“On January 13, when the U.S. House of Representatives impeached former President Donald J. Trump for a second time, I committed to upholding my oath as a U.S. Senator—to listen to each side impartially, review all the facts, and then decide how I would vote. I have done that and after listening to the trial this past week, I have reached the conclusion that President Trump’s actions were an impeachable offense and his course of conduct amounts to incitement of insurrection as set out in the Article of Impeachment.
“The facts make clear that the violence and desecration of the Capitol that we saw on January 6 was not a spontaneous uprising. President Trump had set the stage months before the 2020 election by stating repeatedly that the election was rigged, casting doubt into the minds of the American people about the fairness of the election. After the election, when he lost by 7 million votes, he repeatedly claimed that the election was stolen and subjected to widespread fraud. At the same time, election challenges were filed in dozens of courts. Sixty-one different courts – including many judges nominated by President Trump himself – ruled against him.
“President Trump did everything in his power to stay in power. When the court challenges failed, he turned up the pressure on state officials and his own Department of Justice. And when these efforts failed, he turned to his supporters. He urged his supporters to come to Washington, D.C. on January 6 to ‘Stop the Steal’ of an election that had not been stolen. The speech he gave on that day was intended to stoke passions in a crowd that the President had been rallying for months. They were prepared to march on the Capitol and he gave them explicit instructions to do so.
“When President Trump's supporters stormed the Capitol, breached both chambers of Congress, and interrupted the certification of Electoral College votes, he took no action for hours. The evidence presented at the trial was clear: President Trump was watching events unfold live, just as the entire country was. Even after the violence had started, as protestors chanted ‘Hang Mike Pence’ inside the Capitol, President Trump, aware of what was happening, tweeted that the Vice President had failed the country. Vice President Pence was attempting to fulfill his oath and his constitutional duty with the certification of Electoral College votes.
“After the storm had calmed, the President endorsed the actions of the mob by tweeting, ‘These are the things and events that happen when a sacred landslide election victory is so unceremoniously & viciously stripped away from great patriots who have been badly & unfairly treated for so long. Go home with love & in peace. Remember this day forever!’ This message, in defense of only himself, came nearly four hours after the attack on the Capitol began. President Trump allowing the violence to go on for hours without any clear directive or demand for peace – his intentional silence – cost Americans their lives. President Trump was not concerned about the Vice President; he was not concerned about members of Congress; he was not concerned about the Capitol Police. He was concerned about his election and retaining power. While I supported subpoenaing witnesses to help elucidate for the American people President Trump’s state of mind during the riot, both his actions and lack thereof establish that.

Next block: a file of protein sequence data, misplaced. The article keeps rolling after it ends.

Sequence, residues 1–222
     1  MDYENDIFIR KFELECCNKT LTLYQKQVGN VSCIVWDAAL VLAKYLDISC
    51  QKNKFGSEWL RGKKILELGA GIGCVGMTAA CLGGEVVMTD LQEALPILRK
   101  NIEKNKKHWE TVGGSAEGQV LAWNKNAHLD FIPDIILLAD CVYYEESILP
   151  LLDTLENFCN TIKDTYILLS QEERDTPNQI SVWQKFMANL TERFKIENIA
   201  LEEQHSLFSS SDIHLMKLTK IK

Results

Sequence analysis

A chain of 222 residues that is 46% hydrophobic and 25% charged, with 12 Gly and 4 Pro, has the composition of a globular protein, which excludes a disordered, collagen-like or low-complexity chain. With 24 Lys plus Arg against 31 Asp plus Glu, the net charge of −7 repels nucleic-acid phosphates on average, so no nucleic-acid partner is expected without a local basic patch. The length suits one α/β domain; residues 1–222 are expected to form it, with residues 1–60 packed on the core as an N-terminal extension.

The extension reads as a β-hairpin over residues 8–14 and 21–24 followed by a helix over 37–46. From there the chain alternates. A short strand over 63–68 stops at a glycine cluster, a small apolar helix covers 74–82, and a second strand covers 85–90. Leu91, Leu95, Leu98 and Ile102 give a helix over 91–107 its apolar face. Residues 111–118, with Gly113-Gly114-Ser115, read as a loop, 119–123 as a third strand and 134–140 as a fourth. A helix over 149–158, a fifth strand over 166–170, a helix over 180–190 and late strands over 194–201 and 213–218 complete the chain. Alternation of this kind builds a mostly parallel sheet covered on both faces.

“If months of lies, organizing a rally of supporters in an effort to thwart the work of Congress, encouraging a crowd to march on the Capitol, and then taking no meaningful action to stop the violence once it began is not worthy of impeachment, conviction, and disqualification from holding office in the United States, I cannot imagine what is. By inciting the insurrection and violent events that culminated on January 6, President Trump’s actions and words were not protected free speech. I honor our constitutional rights and consider the freedom of speech as one of the most paramount freedoms, but that right does not extend to the President of the United States inciting violence.
“Before someone assumes the office of the presidency, they are required to swear to faithfully execute the office of the President and to preserve, protect, and defend the Constitution of the United States. President Trump – the nation’s elected leader, the Commander in Chief of our armed forces – swore an oath to defend America and all that we hold sacred. He failed to uphold that oath.
“One positive outcome of the horrible events on January 6, was that hours after the Capitol was secured, on January 7, at 4:00 a.m., Congress fulfilled our responsibility to the U.S. Constitution and certified the Electoral College results. We were able to do that because of brave men and women who fulfilled their oath to protect and defend Congress. I regret that Donald Trump was not one of them.”
Source of News:
Office of U.S. Senator Dan Sullivan
Office of U.S. Senator Lisa Murkowski